Report On Two Opposing Sides: Cadbury Vs. Fda4

Type of paper: Report

Topic: Business, Customers, Relationships, Public, Public Relations, India, Products, Company

Pages: 5

Words: 1375

Published: 2020/12/26

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Public Relations Efforts 4
Why the public relations effort was a success..7
Mitigation Factors 7

References.8

Cadbury’s Worm Case: The issue and its consequences
Cadbury India Ltd., now called Mondelez, which translates to “delicious world”, was conceived in 1948 in Mumbai, India (“Who We Are”, n.d.). It is an umbrella company which produces beverages, biscuits, cheese and grocery products, gum and candies, and chocolate bars; several brands are housed under Mondelez, including Cadbury, Oreo, Trident, Tang, Milka, Bourneville, Halls, Toblerone, and Jacobs (“Who We Are”, n.d.). The Company’s flagship brand is Cadbury Dairy Milk. Most of these brands sell products in almost 165 countries worldwide under Mondelez International. As part of its workforce, Cadbury has more than 100,000 employees worldwide (“Who We Are”, n.d.). While initially starting off as a company that imported chocolates, Cadbury India Ltd. began the cultivation of cocoa in India in 1965 after striving relentlessly to improve its cocoa yields and cultivating practices, and research in cocoa, the Company eventually planting and harvesting cocoa, which it used locally to produce chocolates (“Our Business”, n.d.).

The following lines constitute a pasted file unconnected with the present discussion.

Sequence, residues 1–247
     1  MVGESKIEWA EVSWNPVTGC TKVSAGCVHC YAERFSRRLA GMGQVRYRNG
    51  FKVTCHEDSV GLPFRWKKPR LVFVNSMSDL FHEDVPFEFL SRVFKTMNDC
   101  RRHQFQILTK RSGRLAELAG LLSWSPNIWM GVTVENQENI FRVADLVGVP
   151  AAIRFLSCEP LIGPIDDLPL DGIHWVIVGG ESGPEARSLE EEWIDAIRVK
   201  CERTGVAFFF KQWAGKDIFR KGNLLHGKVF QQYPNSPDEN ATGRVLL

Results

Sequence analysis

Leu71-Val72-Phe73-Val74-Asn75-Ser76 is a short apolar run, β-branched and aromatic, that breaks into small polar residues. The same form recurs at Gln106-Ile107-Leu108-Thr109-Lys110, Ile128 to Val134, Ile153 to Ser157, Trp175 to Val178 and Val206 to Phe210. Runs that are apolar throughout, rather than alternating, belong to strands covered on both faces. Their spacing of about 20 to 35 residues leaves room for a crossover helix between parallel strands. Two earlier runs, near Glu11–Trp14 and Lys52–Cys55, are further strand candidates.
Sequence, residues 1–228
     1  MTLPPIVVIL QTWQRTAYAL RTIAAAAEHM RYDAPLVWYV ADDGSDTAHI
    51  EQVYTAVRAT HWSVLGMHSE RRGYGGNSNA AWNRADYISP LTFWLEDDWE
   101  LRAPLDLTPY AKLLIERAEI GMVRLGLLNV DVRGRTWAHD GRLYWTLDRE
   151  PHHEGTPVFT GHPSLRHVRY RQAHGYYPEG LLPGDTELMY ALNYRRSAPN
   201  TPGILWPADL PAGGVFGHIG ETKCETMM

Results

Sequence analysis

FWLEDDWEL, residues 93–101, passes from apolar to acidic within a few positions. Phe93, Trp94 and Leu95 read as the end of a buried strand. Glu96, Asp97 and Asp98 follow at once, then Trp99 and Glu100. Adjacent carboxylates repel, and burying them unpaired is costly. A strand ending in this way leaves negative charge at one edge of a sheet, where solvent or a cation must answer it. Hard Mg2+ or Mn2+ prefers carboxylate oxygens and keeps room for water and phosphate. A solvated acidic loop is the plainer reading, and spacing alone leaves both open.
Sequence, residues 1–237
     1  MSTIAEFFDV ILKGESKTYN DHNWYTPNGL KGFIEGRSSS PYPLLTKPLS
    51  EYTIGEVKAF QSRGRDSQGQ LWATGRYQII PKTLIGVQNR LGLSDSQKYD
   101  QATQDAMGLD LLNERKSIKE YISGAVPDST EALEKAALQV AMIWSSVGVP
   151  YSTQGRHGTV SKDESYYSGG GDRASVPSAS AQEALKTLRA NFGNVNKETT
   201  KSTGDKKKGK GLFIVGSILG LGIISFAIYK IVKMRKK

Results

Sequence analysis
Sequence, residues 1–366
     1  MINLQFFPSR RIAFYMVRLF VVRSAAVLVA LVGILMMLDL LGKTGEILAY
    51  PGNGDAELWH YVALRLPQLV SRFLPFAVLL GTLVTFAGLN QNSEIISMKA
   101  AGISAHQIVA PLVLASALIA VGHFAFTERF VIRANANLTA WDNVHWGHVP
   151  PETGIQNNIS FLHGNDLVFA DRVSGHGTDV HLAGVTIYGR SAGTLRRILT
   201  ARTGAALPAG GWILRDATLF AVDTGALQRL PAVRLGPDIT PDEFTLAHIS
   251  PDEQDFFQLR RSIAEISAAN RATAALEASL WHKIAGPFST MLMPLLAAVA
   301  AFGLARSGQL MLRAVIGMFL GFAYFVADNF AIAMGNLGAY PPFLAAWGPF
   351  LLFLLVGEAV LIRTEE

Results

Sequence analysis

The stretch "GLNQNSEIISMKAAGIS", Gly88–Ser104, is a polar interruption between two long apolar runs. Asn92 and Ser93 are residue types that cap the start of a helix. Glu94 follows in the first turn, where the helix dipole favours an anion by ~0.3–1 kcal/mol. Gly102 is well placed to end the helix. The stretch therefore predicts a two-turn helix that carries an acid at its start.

One of the most devastating public relations issues occurred in Mumbai, India in October 2003, right after the Hindu festival of Diwali, also called the festival of lights. Specifically, two Cadbury chocolate bars were found infested with worms. The chocolate stock, from which these bars were provided, was immediately seized by the Food and Drug Administration in Maharashta in a Cadbury manufacturing plant in Pune.
However, the public relations issue affected Cadbury in several ways, the most prominent of which was a shocking drop, specifically 30%, in the sale of Cadbury's products in India. It was observed that this massive reduction was also shocking because around that time of the year, Cadbury typically experienced a 15% hike (Vaid, 2006). This was a corollary of media coverage.
Two opposing sides: Cadbury vs. FDA
Consequently, a string of claims were made by both sides: Cadbury and Maharashta FDA. Cadbury claimed that there could not have been any worm infestation during the manufacturing of chocolate bars, whereas FDA claimed otherwise: infestation had indeed occurred during the manufacturing process at Cadbury's plant. More specifically, the FDA elaborated on the issue by adding that worms had probably gotten into the Cadbury Dairy Milk chocolate bars during storage owing to poor or sub-optimal packaging, or unhygienic conditions in the manufacturing plant at Pune. As a result, many allegations and counter-allegations were made as each party was adamant in its own claim and justifications, pulling the Company deeper into the public relations fiasco.